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A small group of black angus cattle in a feedlot.

Bigger Cattle. Warmer Weather. What Can Go Wrong?

The disruptions in the beef processing sector caused by COVID-19 continue to interfere with the orderly marketing of finished cattle. While we all hope that the situation is resolved quickly, the reality is that because the shipment of so many harvest-ready cattle has been delayed, there will be increased numbers of heavier cattle on feed for the foreseeable future.

A map of South Dakota with several colored boxes indicating areas of increased flood risk. For a complete description, visit the National Weather Service website at: https://water.weather.gov/ahps2/long_range.php?wfo=fsd

Get to Know Your Local Emergency Management Director

The warmer weather and spring migration this March have us all thinking of better days ahead. Unfortunately, it also has us thinking about flooding again this spring.

Three young girls weighing sugar on a kitchen scale.

Children Can Learn Math and Science in the Kitchen

Now is a great time to help your child learn and understand math and science while having a fun time. The kitchen is the perfect classroom.

Corn earlobe being stored in a bunker for later use as cattle feed.

Valuing High-Moisture Corn and Earlage

A key advantage to using commodities that meet standard specifications and are frequently traded is that it is very easy to establish an economic value that is accepted by most users. The marketplace sets the value of corn, and other feedstuffs on a daily basis, provided those products meet some set of standard specifications.

A group of black heifer calves in a feedlot.

Choosing the Right Custom Feeding Partner

Custom cattle feeding can be a “win-win” strategy when done correctly. Feeding someone else’s cattle provides a method to market feedstuffs without tying up the capital required to own the livestock.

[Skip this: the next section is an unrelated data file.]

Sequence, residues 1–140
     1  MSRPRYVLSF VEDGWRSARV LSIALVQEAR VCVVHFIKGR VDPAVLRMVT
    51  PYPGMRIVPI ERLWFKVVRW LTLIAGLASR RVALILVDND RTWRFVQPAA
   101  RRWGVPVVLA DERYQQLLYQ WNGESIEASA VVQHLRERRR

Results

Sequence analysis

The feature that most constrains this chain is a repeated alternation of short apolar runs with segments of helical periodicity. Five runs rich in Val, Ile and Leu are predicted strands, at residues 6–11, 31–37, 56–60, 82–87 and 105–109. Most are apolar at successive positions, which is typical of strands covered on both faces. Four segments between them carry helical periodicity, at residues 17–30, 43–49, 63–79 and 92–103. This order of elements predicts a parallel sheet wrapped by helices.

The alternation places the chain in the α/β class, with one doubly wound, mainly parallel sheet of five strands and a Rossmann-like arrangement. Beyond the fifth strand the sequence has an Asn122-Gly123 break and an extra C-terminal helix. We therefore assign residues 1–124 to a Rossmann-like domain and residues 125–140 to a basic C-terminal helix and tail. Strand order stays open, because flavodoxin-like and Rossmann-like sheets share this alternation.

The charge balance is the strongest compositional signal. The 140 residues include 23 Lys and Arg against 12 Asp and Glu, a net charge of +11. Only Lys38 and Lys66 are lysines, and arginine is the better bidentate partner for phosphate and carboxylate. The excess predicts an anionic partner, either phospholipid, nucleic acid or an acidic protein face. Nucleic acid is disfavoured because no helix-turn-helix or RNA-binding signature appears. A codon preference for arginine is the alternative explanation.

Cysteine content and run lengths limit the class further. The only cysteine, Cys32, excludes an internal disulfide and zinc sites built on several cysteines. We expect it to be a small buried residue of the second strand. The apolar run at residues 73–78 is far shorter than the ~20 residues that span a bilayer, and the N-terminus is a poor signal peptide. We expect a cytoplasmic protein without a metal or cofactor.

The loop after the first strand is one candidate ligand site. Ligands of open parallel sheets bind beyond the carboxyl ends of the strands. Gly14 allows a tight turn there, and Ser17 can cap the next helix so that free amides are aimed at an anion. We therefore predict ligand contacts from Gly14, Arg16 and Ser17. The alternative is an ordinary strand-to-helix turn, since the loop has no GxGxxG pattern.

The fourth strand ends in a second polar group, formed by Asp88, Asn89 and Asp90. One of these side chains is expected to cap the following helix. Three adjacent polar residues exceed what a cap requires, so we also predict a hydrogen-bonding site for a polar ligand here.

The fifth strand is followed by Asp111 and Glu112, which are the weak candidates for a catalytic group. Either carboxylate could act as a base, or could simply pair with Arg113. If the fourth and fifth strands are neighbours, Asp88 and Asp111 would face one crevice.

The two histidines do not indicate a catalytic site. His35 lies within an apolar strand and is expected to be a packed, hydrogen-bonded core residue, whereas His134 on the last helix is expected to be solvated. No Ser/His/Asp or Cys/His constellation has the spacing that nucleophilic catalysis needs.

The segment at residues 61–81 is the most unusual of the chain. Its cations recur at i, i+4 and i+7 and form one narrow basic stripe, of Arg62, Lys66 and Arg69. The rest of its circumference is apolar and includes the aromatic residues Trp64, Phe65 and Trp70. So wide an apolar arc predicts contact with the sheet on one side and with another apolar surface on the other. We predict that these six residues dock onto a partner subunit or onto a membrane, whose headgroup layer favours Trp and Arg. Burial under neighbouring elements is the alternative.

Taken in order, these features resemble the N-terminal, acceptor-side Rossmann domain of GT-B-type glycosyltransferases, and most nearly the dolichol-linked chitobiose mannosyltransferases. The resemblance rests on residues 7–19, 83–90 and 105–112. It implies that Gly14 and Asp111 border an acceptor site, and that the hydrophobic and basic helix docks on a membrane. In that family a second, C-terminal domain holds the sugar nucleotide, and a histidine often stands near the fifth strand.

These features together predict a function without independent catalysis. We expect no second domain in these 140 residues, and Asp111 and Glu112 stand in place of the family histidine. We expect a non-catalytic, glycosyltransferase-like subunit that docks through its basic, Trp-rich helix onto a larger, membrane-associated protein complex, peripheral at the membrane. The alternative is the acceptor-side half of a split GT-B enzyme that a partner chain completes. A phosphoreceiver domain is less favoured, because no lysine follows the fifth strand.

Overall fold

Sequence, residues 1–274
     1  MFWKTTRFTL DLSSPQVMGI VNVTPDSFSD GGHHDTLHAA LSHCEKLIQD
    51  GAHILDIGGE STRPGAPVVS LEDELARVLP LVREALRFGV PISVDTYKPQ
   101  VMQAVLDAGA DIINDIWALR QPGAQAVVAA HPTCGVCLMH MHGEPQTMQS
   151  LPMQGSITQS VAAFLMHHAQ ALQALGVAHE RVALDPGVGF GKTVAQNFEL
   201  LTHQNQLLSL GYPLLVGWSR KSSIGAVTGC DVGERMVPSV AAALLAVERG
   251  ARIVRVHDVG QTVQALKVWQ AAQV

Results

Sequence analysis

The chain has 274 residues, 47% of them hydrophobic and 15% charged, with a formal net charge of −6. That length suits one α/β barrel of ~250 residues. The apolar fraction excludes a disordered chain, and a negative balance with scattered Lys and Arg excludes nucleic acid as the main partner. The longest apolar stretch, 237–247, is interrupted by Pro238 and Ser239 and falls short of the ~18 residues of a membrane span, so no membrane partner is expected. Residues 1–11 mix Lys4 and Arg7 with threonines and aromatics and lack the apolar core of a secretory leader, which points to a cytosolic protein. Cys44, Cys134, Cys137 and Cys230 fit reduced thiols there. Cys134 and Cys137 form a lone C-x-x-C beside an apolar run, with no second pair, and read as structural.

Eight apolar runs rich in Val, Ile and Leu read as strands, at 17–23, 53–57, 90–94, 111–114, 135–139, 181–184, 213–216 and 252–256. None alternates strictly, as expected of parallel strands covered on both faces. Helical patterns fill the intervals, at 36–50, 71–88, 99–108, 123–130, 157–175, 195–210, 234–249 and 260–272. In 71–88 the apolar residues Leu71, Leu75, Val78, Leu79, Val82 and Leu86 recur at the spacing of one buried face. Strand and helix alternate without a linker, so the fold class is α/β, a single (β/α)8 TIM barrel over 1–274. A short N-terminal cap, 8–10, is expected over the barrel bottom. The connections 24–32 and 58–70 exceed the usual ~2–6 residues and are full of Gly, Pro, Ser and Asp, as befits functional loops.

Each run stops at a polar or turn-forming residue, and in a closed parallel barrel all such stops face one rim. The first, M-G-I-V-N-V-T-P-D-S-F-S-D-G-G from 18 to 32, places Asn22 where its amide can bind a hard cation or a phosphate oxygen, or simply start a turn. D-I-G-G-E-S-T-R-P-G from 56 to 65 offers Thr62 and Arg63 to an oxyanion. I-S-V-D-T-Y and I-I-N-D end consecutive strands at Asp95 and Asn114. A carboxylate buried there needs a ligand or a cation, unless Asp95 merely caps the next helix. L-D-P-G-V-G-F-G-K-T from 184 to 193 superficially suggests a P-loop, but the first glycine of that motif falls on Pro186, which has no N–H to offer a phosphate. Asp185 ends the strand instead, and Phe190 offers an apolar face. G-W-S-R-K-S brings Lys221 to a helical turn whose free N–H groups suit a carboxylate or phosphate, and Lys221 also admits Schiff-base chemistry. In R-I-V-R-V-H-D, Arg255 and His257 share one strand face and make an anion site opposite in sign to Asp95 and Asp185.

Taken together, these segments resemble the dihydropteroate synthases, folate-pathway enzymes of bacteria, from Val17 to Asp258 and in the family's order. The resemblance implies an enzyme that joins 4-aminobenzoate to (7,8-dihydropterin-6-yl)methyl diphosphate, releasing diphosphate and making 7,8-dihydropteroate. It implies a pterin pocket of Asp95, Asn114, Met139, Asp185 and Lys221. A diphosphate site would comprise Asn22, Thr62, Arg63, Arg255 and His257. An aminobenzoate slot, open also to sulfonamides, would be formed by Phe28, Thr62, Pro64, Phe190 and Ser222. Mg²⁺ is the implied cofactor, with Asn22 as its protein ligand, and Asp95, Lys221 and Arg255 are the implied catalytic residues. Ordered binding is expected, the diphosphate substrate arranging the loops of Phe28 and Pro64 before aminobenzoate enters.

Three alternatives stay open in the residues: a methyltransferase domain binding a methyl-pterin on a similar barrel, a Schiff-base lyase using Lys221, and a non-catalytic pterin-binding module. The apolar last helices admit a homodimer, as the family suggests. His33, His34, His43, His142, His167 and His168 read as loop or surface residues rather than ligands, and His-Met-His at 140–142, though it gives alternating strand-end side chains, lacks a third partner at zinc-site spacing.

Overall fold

A series of three creep feeders placed on an open range. Courtesy: Robin Webster (CC BY-SA 2.0)

Creep Feeding Options: Will it Pay?

Creep-feeding should be evaluated on yearly basis to determine if it will provide production and economic benefits to the operation.

Black angus cattle feeding in a feedlot.

What Goes Into Calculating Yardage?

Yardage cost is the non-feed cost per head for every day that an animal is fed harvested feed in some form of confinement. Yardage is usually associated with calves and yearlings in the feedlot, but this concept can apply to drylotted or wintering cows as well.

Five jars of canned stewed tomatoes sitting on a gray kitchen towel with a gray background.

Canning on Smooth Stovetop

Learn about the Dos and Don'ts of canning on a smooth stovetop.

Freshly cut hay in a field.

Determining Hay Prices

Before pricing forages, producers will want to have a good understanding about the cost of growing a ton of hay, alfalfa or straw.

A group of mixed cattle in a feedlot.

Adding Value to Corn Through Cattle

What is the “best” way to evaluate profitability of an enterprise, more specifically feeding cattle?